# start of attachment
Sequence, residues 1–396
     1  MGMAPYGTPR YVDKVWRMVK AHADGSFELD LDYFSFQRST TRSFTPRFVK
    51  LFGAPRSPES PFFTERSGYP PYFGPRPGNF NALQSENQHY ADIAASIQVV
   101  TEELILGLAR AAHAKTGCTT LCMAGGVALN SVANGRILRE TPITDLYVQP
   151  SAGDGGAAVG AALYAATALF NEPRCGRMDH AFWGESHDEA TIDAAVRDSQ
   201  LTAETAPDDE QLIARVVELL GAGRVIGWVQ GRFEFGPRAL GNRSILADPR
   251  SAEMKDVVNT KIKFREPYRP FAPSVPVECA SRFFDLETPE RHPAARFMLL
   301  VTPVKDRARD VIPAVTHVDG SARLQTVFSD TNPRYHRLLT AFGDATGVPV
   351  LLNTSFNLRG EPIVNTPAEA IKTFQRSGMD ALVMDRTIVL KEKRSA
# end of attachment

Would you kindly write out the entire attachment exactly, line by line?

Sequence, residues 1–396
     1  MGMAPYGTPR YVDKVWRMVK AHADGSFELD LDYFSFQRST TRSFTPRFVK
    51  LFGAPRSPES PFFTERSGYP PYFGPRPGNF NALQSENQHY ADIAASIQVV
   101  TEELILGLAR AAHAKTGCTT LCMAGGVALN SVANGRILRE TPITDLYVQP
   151  SAGDGGAAVG AALYAATALF NEPRCGRMDH AFWGESHDEA TIDAAVRDSQ
   201  LTAETAPDDE QLIARVVELL GAGRVIGWVQ GRFEFGPRAL GNRSILADPR
   251  SAEMKDVVNT KIKFREPYRP FAPSVPVECA SRFFDLETPE RHPAARFMLL
   301  VTPVKDRARD VIPAVTHVDG SARLQTVFSD TNPRYHRLLT AFGDATGVPV
   351  LLNTSFNLRG EPIVNTPAEA IKTFQRSGMD ALVMDRTIVL KEKRSA